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This week: ANZ, Azimo, Currencycloud, Earthport, Finn, FIS, Lloyds, Monese, Starling Bank, Visa, Westpac, WorldRemit 
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New data, new insights on cross-border payments. Every week.
 

Buying (and investing in) your customers

Last week we took a close look at WorldRemit following its latest $175m funding round. A lot of money can buy you a lot of customers but at what cost? We'll get to that. We also take a deeper dive on Visa's push into the cross-border sector, look at the quirks of bank pricing in Australia and New Zealand and compare the marketing strategy of Lloyds Bank and Starling Bank.

Before we get to the content. We're hiring. Across technology, data engineering, research and strategy. Please have anyone interested write to me at this email directly.

To customer acquisition... 

We've chosen specifically to look at total funding, not just a marketing budget. Building a great product requires a lot of investment in technology and the team around it. Done right, it can become viral. 

The range of costs above can be interpreted in different ways:
- The likes of Azimo and Monese are exceptionally efficient at acquiring customers. Granted they have acquired less total customers than some of the other players shown but some of the larger players should benefit from economies of scale
- TransferWise, Monzo and Starling are investing a lot per customer - an indication of the quality of the product these companies are building and for the first two, the millions of customers they have obtained. Which means spending more may be better than spending less. 

How to sense check a growth plan
If anyone puts a funding plan or business model in front of you and they tell you X million dollars is going to result in Y million customers, just sense check against some of the best in class companies above. Are they expecting to add lots of additional customers at rates lower than these numbers? 

The next time you see a plan to raise $10m to add 3 million customers (we just saw one), maybe ask a few more questions.

Track the cross-border companies and the neobanks

The partnership model - alive and well

Visa has had an exciting six months making waves in the cross-border space. We spent time over the last week talking with Visa as well as partner companies such as Currencycloud and Earthport to dig into the strategy.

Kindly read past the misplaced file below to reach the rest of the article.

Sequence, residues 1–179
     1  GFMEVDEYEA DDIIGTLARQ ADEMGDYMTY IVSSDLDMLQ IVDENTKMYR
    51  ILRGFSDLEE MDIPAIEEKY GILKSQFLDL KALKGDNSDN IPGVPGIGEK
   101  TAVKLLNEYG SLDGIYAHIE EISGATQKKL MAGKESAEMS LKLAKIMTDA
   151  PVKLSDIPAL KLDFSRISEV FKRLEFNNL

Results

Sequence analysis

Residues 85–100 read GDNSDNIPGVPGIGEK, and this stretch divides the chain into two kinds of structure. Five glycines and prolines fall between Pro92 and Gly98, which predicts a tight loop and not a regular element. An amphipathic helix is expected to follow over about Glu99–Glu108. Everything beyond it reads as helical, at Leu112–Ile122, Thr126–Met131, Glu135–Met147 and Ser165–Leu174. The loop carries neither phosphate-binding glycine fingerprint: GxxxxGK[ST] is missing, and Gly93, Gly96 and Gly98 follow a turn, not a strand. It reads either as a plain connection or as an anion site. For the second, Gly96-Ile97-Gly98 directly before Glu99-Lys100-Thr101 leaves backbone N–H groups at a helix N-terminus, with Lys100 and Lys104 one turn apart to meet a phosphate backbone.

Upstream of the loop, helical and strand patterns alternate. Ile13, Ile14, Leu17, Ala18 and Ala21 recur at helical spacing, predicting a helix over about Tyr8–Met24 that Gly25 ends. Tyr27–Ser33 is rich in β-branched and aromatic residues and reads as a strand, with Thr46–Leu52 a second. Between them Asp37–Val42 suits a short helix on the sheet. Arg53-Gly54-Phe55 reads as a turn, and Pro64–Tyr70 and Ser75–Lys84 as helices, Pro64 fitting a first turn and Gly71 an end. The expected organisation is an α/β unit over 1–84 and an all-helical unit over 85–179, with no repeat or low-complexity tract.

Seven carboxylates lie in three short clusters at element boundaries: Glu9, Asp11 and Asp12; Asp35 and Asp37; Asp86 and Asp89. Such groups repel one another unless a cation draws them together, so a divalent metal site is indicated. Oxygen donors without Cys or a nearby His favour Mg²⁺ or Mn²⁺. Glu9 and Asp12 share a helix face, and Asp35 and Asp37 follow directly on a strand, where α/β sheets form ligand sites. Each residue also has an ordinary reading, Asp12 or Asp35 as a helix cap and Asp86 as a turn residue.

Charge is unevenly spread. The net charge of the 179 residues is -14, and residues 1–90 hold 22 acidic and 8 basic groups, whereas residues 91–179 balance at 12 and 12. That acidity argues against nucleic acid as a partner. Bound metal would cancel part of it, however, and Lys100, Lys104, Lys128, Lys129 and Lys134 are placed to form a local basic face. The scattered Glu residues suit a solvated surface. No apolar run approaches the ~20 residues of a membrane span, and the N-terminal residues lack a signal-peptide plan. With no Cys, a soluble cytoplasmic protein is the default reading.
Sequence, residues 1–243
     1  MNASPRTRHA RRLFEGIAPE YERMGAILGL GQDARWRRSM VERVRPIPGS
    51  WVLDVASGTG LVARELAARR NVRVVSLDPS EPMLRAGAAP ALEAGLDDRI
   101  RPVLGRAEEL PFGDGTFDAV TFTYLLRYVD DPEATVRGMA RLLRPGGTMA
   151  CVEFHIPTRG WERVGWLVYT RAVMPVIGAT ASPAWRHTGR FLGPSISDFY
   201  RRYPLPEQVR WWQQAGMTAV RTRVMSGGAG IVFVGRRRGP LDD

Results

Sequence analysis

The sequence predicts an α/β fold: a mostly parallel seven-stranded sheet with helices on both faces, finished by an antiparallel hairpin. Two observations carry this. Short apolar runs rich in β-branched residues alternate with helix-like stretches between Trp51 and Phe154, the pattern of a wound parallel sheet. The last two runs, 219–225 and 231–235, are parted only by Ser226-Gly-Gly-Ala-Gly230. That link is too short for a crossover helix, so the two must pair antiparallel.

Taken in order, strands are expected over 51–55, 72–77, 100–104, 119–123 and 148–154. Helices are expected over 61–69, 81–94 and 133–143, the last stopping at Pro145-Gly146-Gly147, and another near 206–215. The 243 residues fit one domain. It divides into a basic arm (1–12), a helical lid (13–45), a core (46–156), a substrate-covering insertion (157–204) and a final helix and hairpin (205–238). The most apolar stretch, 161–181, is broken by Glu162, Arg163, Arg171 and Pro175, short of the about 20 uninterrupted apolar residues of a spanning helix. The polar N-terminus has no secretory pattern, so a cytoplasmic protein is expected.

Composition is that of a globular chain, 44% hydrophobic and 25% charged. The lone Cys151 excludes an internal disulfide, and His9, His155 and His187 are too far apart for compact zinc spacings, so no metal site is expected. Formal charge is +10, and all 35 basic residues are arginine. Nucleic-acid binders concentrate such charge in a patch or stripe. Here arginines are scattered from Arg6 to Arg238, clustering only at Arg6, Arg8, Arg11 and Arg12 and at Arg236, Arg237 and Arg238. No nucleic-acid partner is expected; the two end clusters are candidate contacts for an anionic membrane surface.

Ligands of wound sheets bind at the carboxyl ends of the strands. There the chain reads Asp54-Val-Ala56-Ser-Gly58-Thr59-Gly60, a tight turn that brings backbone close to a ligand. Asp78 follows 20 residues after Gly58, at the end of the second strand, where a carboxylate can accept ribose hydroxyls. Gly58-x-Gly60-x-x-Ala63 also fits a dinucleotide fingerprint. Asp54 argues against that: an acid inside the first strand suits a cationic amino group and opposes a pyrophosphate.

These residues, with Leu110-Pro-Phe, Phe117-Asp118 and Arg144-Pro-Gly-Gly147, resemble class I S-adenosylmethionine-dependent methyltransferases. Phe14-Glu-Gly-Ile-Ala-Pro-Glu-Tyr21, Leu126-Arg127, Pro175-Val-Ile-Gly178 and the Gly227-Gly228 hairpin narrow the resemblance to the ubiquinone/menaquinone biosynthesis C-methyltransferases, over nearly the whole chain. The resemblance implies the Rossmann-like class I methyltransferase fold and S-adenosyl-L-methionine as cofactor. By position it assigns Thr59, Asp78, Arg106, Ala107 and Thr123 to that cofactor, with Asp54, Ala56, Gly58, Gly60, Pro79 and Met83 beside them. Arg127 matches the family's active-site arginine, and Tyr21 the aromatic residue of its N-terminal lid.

As to Visa's strategy on cross-border (reminder Visa makes over $6bn a year in revenue from FX):

“Visa should be the pipes and plumbing. We provide the core capabilities, at scale and consistently, and then let clients build on top of us.”

Mark Pettit, Executive Director of Innovation & Strategy and Programs, Visa


Each of the plays above adds another string to Visa's bow. We covered the Earthport deal here so take Currencycloud for example: 

  • The current working of the card rails locks the FX rate at a different time to when the transaction actually occurs. This can cause lots of issues from a lack of customer transparency to reduced capabilities for the card issuer.
  • The Currencycloud partnership allows the FX rate to be set real time removing this time delay. What Visa's customers then do with this capability is up to them.
As our table above shows, the deals above are adding speed, transparency and new capabilities. This is building the plumbing and Visa's Mark Pettit who led the Currencycloud deal said to me, there is a lot to come from Visa in the cross-border space so stay tuned.
Which of Visa's partners make the Top 100 Cross-Border Market Map?

FX pricing in Australia and New Zealand

Our FX pricing data throws up lots of interesting quirks in the international payments space.

This week we thought we’d share with you how banking groups operating in different countries, in seemingly quite similar markets, can set drastically different prices. The banking divisions in New Zealand consistently price lower than their divisions in neighbour Australia.

If you want this level of insight across a range of banks globally, get in touch.

Do you have all the pricing data you need?


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How to market your bank

UK neobank Starling Bank was founded nearly 250 years after Lloyds Bank. Spot the different approaches:

The thanks for this side by side comparison goes to a very helpful piece of outdoor marketing we spotted at the Limehouse train station in London (pls excuse image quality as taken from a moving train).

On our radar this week:
Curated by FXC Intelligence's Team 
The IMF backs Fintech (shock!)

Maybe a little late but the IMF's chief backs the disruptive power of Fintech
Reuters
The value of Post Offices

MoneyGram launches a new digital service with the Canadian Post Office
PR Newswire
A failed digital bank

JP Morgan's Finn closes down. Not all new digital banks succeed.
Business Insider
WorldRemit launches for businesses

Business payments go live, initially for UK registered companies
WorldRemit

Missed the last few weeks?

Following a $175m raise, we ask "Has WorldRemit succeeded?" (here)
Money20/20 Europe Report (here)
TransferWise's $3.5bn valuation and future growth (here)
 
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Have a super week 

Daniel
Copyright © 2019 FXC Intelligence Ltd, All rights reserved.

New York | London

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